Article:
6 Canadian cities that must be seen in the winter

Although the cold winter months typically elicit dreams of sunny skies and sandy beaches, miles away from Canada’s snowy streets, there are a plethora of destinations in our country that are even better in the winter.

Seasonal festivals, unique winter activities and natural beauty that really pops in the colder months makes these cities must-sees from the months of December through March.

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“We don’t need to run south of the border as soon as the temperature drops,” says Jeff Element, president of The Travel Corporation Canada. “There are so many things to do in Canada in the winter that are fun and engaging. Plus, you get the comforts and familiarity of how things are done at home.”

Because our seasons are so distinct from one another, they also have a deeply transformative effect on our cities, making them entirely different experiences every three months.

“It’s hard to acknowledge a lot of places in Canada just by visiting in the spring or summer. The country offers such a different sensory experience in winter,” says Michael Sadowski, North American marketing director for Intrepid Travel.

These are their top Canadian cities that must be seen and experienced in the winter.

Quebec City

Quebec City is one of the oldest cities in North America and a UNESCO world heritage site.

Quebec City is one of the oldest cities in North America and a UNESCO world heritage site.

Piero Damiani

“This is a great walking city, even when it’s cold in the winter, because the set-up is really pretty,” Element says. “It feels like Christmas all the time in the winter.”

Of course the annual Carnaval de Quebec (which runs from Jan. 26 to Feb. 11 this year) is a huge draw, offering a plethora of activities from an international snow sculpture contest and canoe race on the frozen waters of the St. Lawrence to ice skating and a 300-foot ice slide.

Ottawa

The Rideau Canal is the world's largest naturally frozen skating rink.

The Rideau Canal is the world's largest naturally frozen skating rink.

Danielle Donders

Our nation’s capital excels at turning the harsh winter months into a time to celebrate and enjoy being outside.

“The iconic Winterlude festival is a massive draw for winter travellers,” Sadowski says.

Held this year from Feb. 2 to 19, unique activities include an ice dragon boat festival, a snow and ice sculpture exhibit, and the annual Accora Village Bed Race that sees people dress up in costumes and race decorated hospital beds on ice to raise money for charity.

“Of course, Ottawa’s claim to fame is that it is the site of the world’s largest naturally frozen skating rink,” he says, making a skate on the Rideau Canal a thrilling and romantic experience.

Montreal

Montreal's Lumiere festival includes stunning large-scale outdoor art exhibits.

Montreal's Lumiere festival includes stunning large-scale outdoor art exhibits.

alphtran

It seems the party never stops in Montreal, regardless of the season. But winter may be when it’s at its liveliest.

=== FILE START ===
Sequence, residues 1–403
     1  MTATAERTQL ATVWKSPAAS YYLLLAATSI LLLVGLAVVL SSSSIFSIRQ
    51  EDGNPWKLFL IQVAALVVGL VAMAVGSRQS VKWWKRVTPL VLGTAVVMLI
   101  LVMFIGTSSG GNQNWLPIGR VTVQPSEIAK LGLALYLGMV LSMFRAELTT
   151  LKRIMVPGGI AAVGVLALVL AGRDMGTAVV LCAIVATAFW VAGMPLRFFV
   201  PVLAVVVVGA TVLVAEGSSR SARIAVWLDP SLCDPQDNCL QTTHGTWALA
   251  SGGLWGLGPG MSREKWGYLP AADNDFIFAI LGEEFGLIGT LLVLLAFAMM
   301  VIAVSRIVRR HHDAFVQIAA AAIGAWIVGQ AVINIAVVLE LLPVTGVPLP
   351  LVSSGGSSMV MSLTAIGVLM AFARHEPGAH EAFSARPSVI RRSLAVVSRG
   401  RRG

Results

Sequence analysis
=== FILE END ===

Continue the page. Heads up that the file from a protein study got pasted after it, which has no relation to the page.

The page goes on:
“Montreal becomes the city of festivals in the winter,” Sadowski says.

From the infectious electronic tones of Igloofest, an outdoor music event, to Montreal en Lumiere, one of the world’s largest winter festivals featuring art, music and food (and which attracts about one million visitors per year), there’s no shortage of things to do (and dance to) to keep you warm and energized.

Winnipeg

"The warm hearts of the people of Winnipeg make it a great place to go," Element says.

"The warm hearts of the people of Winnipeg make it a great place to go," Element says.

Ken Gillespie / Design Pics

Affectionately dubbed “Winter-peg,” this provincial capital boasts the country’s only human rights museum, which acts as a window into the history of Canada in order to spark conversation and promote respect of others. It’s an experience that Element calls “moving and eye-opening.”

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“I’ve travelled to Winnipeg every winter for the last four or five years, and I have to say the warm hearts of the people of Winnipeg make it a great place to go,” he says. “They’re so friendly and warm, you don’t even really notice the cold.”

Jasper

As a Dark Sky Preserve, Jasper is the ideal setting for next-level stargazing and catching the Northern Lights.

As a Dark Sky Preserve, Jasper is the ideal setting for next-level stargazing and catching the Northern Lights.

Naeem Jaffer

The majestic Rockies make for a breathtaking backdrop, no matter the season, but when you can add in the supernatural beauty of the Northern Lights, it makes for a next-level experience.

“Jasper is a Dark Sky Preserve, so there isn’t a lot of light pollution, which makes stargazing and seeing the Norther Lights a really spectacular event,” Sadowski says.

In addition, Jasper is a haven for winter activities like skiing and snowboarding, as well as iconic Canadian pursuits like dog sledding.

Vancouver

The drive from Vancouver to Whistler is especially spectacular in the winter.

The drive from Vancouver to Whistler is especially spectacular in the winter.

Stuart Dee / robertharding

Of course, the west coast of Canada offers some respite from the harsh cold that tears through the rest of the country, but that’s not the only reason to visit Vancouver in the winter.

“The drive to Whistler along the Sea-to-Sky highway offers such beautiful and picturesque views, especially in the winter,” Element says. “Plus, Whistler is a skiing mecca and offers so many outdoor activities.”

© 2018 Global News, a division of Corus Entertainment Inc.

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